Hematoxylin as a killer of CALR mutant cancer cells

Patients with myeloproliferative neoplasm (MPN), a group of malignant diseases of the bone marrow, often have a carcinogenic mutated form of the calreticulin gene (CALR). Scientists of the research group of Robert Kralovics, adjunct principal investigator at the CeMM Research Center for Molecular Medicine of the Austrian Academy of Sciences have now identified hematoxylin as a novel CALR inhibitor. The study, published in the journal Blood, shows how hematoxylin compounds affect a specific domain of CALR and selectively kill those CALR mutant cells that have been identified as the cause of disease in MPN patients. The discovery has enormous therapeutic potential and gives hope for new treatment options.

Myeloproliferative neoplasms comprise a special type of blood cancer characterized by increased formation of blood cells, vulnerability to thrombosis and frequent transformation to acute leukemia. In 2013, in the laboratory of Robert Kralovics, researchers discovered that carcinogenic mutations of the gene calreticulin (CALR) were frequently found in affected patients; these are now used clinically as diagnostic and prognostic markers.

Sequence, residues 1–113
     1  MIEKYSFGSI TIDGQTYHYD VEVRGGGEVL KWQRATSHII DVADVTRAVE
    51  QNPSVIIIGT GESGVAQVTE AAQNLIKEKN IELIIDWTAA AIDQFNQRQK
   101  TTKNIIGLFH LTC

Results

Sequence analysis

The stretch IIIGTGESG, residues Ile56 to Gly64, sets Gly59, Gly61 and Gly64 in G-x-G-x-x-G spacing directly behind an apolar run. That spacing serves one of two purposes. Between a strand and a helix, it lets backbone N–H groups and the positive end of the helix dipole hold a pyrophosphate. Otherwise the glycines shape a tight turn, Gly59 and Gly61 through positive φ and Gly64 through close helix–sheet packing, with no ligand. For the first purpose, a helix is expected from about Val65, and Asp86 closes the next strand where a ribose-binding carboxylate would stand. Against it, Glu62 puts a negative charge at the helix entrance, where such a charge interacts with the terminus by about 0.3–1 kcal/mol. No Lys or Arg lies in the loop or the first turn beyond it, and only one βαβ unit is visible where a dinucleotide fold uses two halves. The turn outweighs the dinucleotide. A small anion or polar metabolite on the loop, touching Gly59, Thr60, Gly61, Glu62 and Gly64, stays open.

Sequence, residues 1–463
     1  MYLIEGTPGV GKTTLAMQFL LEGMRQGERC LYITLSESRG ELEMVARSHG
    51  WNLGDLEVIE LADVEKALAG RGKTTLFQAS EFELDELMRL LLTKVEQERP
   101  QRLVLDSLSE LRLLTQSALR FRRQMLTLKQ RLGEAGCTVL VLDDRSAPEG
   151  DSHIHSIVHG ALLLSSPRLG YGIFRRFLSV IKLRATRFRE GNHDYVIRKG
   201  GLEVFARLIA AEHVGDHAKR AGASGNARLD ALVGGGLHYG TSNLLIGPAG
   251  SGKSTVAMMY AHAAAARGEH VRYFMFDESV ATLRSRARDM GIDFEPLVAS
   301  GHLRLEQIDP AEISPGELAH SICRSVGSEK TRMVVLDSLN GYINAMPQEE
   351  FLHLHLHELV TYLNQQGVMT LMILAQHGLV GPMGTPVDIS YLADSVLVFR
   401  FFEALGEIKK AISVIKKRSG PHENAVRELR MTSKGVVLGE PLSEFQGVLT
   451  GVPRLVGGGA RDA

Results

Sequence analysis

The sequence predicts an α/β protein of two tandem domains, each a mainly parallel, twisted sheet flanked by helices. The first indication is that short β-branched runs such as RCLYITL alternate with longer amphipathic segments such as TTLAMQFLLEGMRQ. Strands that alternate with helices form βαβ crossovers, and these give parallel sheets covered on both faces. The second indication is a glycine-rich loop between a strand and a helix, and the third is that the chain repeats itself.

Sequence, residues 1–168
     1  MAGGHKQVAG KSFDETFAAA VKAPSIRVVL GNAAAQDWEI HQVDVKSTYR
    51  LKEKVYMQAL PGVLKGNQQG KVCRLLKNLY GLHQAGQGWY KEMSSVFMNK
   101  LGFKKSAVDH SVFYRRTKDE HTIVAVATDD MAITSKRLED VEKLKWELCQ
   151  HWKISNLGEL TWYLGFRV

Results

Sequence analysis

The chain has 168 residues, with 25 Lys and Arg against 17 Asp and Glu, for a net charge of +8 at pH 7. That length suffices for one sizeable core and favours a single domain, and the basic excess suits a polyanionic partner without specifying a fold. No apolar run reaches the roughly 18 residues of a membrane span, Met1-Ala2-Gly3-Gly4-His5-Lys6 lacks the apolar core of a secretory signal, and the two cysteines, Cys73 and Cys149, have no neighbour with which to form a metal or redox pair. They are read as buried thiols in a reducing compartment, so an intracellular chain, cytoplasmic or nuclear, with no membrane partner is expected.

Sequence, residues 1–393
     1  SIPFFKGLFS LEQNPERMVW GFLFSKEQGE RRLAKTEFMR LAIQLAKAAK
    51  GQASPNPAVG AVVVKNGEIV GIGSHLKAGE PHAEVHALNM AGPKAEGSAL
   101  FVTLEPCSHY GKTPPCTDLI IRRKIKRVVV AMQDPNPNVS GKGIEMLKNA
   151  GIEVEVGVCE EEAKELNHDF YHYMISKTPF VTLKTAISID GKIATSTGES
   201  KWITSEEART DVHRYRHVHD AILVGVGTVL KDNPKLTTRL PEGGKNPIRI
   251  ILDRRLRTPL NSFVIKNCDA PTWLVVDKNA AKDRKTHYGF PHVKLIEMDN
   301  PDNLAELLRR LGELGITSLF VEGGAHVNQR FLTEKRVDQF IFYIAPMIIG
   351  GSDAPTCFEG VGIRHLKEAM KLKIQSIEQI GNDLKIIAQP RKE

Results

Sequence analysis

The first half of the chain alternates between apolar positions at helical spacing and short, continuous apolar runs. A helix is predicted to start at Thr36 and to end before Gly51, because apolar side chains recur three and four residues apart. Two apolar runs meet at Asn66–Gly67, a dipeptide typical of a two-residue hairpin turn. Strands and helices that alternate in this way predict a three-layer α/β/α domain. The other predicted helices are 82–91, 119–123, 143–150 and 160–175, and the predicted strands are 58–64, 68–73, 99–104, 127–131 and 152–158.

The mechanism by which the mutated CALR functions as an oncogene, which can lead to myeloid leukemia, has also been scientifically identified since then. The carcinogenic effect of CALR mutations is based on the interaction of the N-glycan binding domain (GBD) of CALR with the thrombopoietin receptor. Ruochen Jia of the Kralovics research group was looking for a way to stop this interaction and prevent one of the growth advantages of CALR-mutated cells. It became evident that a group of chemicals, most notably hematoxylin, can selectively kill mutated CALR cells. The results thus provide extremely valuable information for potential treatment approaches for myeloproliferative neoplasms.

Hematoxylin compounds kill CALR mutated cells

Kralovics, head of the study, explains: “In our study, we tried to identify small molecules that might block the interaction between the mutated CALR and the receptor.” The scientists used so-called in-silico docking studies for this purpose. “Basically, these are computer-based simulations of biochemical processes—virtual ‘screenings’ that enable increasingly accurate predictions,” says study author Ruochen Jia.

The results showed a group of chemicals as binders for a specific domain of calreticulin, which selectively kill the mutated CALR cells. “Our data suggest that small molecules targeting the N-glycan binding domain of CALR can selectively kill CALR-mutated cells by disrupting the interaction between CALR and the thrombopoietin receptor and inhibiting oncogenic signal transmission,” said the study author. A hematoxylin compound proved to be particularly efficient. So far, hematoxylin has been used as a dye in histological staining processes.

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